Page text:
I imagine a game of poker in which the dealer refuses to reveal whether the house rules are Texas hold ’em or seven-card stud. For decades, there was a similar story for molecular biologists investigating the mechanisms of leukemia.
“What we were doing before, it’s as if we were playing a game without knowing the rules,” says Adolfo Ferrando, MD, PhD, professor of pediatrics and of pathology & cell biology in Columbia’s Institute for Cancer Genetics and director of the Lymphoid Malignancies and Development Program at the Herbert Irving Comprehensive Cancer Center. “Not so long ago, when we had a patient with leukemia coming through the door, the pathologist could tell you what the leukemia cells joked like, but we didn’t know what was driving the disease, why one patient would be different from another, and why one would be cured and another wouldn’t be.”
Dr. Ferrando has dedicated his research to unlocking the genetic secrets f T-cell acute lymphoblastic leukemia (T-ALL), an aggressive hematologic tumor that strikes predominantly in young people, hijacking the precursors that generate T-cells. Current cure rates hover at 75 percent »r children and 50 percent for adults. Clinicians have long known that patients whose leukemias do not respond promptly to chemotherapeutic treatment have a worse prognosis than those for whom the treatment starts working immediately, but they did not know how to detect who would fall into each group or understand the mechanisms of resistance and relapse.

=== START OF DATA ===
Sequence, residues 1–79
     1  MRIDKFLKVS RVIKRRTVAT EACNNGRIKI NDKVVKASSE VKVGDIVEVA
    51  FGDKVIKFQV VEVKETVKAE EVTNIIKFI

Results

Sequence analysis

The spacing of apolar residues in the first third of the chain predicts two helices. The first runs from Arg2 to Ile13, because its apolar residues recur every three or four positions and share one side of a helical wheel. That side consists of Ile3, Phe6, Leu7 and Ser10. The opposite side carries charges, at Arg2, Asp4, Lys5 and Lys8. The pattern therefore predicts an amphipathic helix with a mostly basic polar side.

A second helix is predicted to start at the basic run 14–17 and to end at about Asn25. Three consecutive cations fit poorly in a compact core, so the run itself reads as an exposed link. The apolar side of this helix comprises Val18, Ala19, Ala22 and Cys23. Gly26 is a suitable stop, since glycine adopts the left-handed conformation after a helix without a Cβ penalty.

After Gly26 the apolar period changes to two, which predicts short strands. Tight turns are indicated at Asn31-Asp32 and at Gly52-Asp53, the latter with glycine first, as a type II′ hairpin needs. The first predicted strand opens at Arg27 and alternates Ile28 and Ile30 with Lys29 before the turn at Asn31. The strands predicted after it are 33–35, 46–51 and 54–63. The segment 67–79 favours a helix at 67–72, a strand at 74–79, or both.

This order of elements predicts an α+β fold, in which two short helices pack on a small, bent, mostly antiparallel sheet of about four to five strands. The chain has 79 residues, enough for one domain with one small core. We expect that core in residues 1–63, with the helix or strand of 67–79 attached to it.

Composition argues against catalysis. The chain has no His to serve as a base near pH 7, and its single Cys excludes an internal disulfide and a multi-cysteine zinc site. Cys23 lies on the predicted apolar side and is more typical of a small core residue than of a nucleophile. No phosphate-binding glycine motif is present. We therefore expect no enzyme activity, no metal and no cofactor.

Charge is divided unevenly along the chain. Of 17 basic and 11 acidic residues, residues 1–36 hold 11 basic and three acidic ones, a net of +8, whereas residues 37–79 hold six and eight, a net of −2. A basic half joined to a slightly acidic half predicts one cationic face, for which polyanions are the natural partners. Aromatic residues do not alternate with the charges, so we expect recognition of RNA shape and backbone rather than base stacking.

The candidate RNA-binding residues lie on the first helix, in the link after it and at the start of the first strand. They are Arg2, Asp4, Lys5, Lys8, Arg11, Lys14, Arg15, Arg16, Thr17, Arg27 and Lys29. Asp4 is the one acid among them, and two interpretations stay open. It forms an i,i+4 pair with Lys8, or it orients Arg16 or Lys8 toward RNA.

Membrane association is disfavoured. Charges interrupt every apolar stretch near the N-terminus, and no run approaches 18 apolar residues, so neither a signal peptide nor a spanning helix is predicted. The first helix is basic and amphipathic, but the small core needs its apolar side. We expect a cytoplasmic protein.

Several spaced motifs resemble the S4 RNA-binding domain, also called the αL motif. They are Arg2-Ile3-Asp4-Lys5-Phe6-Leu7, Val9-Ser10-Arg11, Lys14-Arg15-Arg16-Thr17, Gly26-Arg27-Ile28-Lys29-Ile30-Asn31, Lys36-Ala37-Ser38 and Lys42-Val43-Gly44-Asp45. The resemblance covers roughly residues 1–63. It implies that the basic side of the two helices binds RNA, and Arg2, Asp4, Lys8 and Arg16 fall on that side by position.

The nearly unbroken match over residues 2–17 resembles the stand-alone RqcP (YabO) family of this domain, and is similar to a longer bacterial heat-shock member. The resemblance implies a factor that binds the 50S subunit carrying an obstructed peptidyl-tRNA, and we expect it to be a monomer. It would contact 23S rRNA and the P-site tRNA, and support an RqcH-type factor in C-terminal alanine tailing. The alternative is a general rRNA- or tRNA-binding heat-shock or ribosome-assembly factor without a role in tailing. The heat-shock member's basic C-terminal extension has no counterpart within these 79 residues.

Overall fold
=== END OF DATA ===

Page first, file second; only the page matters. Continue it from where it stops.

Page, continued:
In February 2013, Nature Medicine published findings of a team led by Dr. Ferrando that implicated mutations to a gene known as NTC52 in resistance to two nucleoside analogs, drugs at the core of conventional chemotherapy treatment for T-ALL. “We hope that this might translate into new therapies that will convert people from poor prognosis into a more favorable outcome,” says Dr. Ferrando, who collected blood samples from children at diagnosis, treatment, and relapse stages, then used high-throughput parallel exome sequencing to identify mutations common to those who relapsed. “Now we can start, in a rational way, to intervene in the pathways that are most clinically relevant.”
By deploying the same genomic techniques that revealed the role of NTC52 mutations in some cases of relapse, Dr. Ferrando hopes to identify additional mutations at play in adults with T-ALL. Beyond the immediate therapeutic value of such studies for people with T-ALL, the scientific techniques his lab develops might be applied to other forms of cancer. “The study of leukemia is a step ahead of the broader field of cancer research, because getting relapse samples from a leukemia patient is much easier – than biopsying a solid tumor,” says Dr. Ferrando, whose early work on the role of the NOTCH1 gene in T-ALL has since become pertinent in the | development of new drugs to treat more common forms of leukemia.
Source: the 2013 annual report of the Columbia University College of Physicians & Surgeons